Lecture_9_for_students - Lecture 9 Click to edit Master...

Info iconThis preview shows pages 1–9. Sign up to view the full content.

View Full Document Right Arrow Icon
Click to edit Master subtitle style 1/1/11 Lecture 9 Costs
Background image of page 1

Info iconThis preview has intentionally blurred sections. Sign up to view the full version.

View Full DocumentRight Arrow Icon
1/1/11 Selection of a production process Technologically efficient The process that produces the desired level of Economically efficient The process that produces the desired
Background image of page 2
1/1/11 Economic cost Economic Costs=Explicit Costs + Opportunity Costs Explicit Costs
Background image of page 3

Info iconThis preview has intentionally blurred sections. Sign up to view the full version.

View Full DocumentRight Arrow Icon
1/1/11 Example Assume your have started your own firm Explicit costs=40,000 Opportunity cost=25,000 (your salary if you work somewhere else) Economic
Background image of page 4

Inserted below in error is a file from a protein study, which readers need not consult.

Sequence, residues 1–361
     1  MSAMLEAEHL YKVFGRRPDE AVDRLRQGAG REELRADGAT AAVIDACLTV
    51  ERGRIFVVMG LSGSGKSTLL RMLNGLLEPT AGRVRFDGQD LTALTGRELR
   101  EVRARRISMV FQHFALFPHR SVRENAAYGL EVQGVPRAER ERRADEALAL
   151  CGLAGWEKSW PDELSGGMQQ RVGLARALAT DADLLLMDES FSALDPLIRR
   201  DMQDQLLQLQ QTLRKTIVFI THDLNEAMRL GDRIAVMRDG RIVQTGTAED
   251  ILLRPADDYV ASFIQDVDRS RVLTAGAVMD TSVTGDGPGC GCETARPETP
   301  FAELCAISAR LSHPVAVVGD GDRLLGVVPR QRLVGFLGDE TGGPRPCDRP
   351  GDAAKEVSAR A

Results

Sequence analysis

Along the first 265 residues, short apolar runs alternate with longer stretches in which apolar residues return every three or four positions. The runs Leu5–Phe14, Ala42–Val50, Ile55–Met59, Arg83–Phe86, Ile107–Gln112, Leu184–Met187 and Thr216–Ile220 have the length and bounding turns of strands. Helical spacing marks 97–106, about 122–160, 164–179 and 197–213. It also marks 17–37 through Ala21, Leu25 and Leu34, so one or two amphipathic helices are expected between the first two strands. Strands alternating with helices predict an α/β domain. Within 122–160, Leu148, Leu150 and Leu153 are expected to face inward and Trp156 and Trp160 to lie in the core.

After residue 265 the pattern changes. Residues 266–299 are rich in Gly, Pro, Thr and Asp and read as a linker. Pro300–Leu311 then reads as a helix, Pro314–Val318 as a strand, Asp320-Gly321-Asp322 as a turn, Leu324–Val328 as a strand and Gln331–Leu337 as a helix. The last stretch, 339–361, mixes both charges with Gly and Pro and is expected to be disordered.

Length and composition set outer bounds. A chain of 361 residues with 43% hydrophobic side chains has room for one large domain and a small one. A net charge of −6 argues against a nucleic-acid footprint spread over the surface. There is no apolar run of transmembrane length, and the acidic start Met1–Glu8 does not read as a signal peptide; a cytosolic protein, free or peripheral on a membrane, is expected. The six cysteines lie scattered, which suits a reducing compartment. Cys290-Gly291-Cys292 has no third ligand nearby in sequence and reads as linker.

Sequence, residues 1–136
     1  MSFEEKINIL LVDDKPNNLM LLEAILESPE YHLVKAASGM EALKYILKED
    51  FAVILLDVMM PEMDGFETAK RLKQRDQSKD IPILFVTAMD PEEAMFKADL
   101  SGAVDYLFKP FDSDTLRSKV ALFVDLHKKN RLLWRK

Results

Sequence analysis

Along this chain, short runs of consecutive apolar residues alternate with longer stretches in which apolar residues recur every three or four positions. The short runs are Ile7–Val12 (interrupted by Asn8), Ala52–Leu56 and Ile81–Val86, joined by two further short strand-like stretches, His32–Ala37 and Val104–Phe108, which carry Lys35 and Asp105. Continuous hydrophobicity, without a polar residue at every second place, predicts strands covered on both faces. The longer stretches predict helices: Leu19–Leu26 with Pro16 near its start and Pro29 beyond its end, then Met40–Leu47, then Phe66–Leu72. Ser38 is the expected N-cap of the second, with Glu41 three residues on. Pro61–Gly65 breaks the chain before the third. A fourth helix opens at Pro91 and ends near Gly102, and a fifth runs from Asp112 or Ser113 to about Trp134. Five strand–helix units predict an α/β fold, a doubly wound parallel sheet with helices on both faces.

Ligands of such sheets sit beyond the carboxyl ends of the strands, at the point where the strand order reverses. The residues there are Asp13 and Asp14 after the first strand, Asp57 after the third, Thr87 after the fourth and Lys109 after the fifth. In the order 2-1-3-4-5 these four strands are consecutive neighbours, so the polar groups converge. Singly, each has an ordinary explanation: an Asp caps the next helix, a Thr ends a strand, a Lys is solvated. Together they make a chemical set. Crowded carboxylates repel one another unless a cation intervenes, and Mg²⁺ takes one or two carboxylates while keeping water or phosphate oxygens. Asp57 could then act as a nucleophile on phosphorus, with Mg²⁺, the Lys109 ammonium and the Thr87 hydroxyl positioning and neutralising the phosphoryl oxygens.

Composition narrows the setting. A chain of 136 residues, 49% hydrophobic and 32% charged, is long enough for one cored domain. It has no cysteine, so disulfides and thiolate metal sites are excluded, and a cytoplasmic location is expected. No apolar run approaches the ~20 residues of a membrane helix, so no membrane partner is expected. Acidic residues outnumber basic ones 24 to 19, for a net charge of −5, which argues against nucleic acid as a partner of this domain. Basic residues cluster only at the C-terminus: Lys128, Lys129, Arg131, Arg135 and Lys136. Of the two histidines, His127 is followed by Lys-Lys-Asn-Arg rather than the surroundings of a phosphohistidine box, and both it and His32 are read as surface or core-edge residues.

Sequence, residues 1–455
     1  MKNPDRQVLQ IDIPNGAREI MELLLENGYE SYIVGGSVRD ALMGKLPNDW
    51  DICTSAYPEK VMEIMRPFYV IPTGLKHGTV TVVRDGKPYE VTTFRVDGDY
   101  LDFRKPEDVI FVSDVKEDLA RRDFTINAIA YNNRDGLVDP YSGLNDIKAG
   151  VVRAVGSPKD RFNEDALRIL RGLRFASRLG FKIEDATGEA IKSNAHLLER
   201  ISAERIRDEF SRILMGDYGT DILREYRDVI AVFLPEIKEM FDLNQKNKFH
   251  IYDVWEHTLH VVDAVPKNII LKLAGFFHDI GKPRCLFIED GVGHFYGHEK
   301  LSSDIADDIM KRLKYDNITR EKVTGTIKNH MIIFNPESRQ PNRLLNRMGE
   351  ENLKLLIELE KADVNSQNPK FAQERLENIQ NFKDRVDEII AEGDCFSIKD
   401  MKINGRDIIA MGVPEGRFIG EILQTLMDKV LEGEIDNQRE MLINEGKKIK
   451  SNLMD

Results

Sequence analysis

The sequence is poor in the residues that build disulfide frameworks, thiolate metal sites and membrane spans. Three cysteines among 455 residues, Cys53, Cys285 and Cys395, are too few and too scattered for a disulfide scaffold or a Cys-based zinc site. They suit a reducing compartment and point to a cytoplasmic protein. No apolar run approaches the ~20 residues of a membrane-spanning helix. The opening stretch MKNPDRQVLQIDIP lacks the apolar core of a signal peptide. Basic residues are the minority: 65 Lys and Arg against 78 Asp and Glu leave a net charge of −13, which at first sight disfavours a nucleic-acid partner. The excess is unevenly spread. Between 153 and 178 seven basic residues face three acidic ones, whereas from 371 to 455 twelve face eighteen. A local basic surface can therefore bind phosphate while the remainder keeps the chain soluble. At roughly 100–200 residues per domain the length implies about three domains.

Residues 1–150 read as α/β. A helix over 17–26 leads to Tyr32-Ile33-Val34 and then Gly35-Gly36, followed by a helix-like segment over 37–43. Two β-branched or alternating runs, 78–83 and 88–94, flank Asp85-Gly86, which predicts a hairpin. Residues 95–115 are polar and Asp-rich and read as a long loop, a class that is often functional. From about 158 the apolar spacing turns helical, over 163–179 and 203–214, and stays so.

1/1/11 Application: waiting for -Taxes pay for public health care in Britain and Canada. -Taxes do not cover for the costs of medical care -Providers ration health care. -Many patients suffer or can not work while waiting. -The average waiting time for a specialist to start cancer treatment in Britain is 62 days. -Are the costs of this waiting large? The economic costs to British employers due to working days lost is £1.5 billion .
Background image of page 5

Info iconThis preview has intentionally blurred sections. Sign up to view the full version.

View Full DocumentRight Arrow Icon
1/1/11 For producing q units of output, we need to use inputs. In the case of two inputs and one output that we discussed in lecture 8, inputs used for production are L and K. Price of L is PL=w and price of K is PK=r. Total cost of Short-Run cost measures
Background image of page 6
1/1/11 Short-Run cost measures Total Fixed cost (TFC): Total Variable Cost (TVC): It changes with output level TVC TFC TC + = Total cost
Background image of page 7

Info iconThis preview has intentionally blurred sections. Sign up to view the full version.

View Full DocumentRight Arrow Icon
Fixed costs and quasi-fixed costs Fixed costs: These costs are independent from output and firms have to pay for them either they have production or not (Example: paying for the lease of a building). Quasi-fixed costs:
Background image of page 8
Image of page 9
This is the end of the preview. Sign up to access the rest of the document.

Page1 / 34

Lecture_9_for_students - Lecture 9 Click to edit Master...

This preview shows document pages 1 - 9. Sign up to view the full document.

View Full Document Right Arrow Icon
Ask a homework question - tutors are online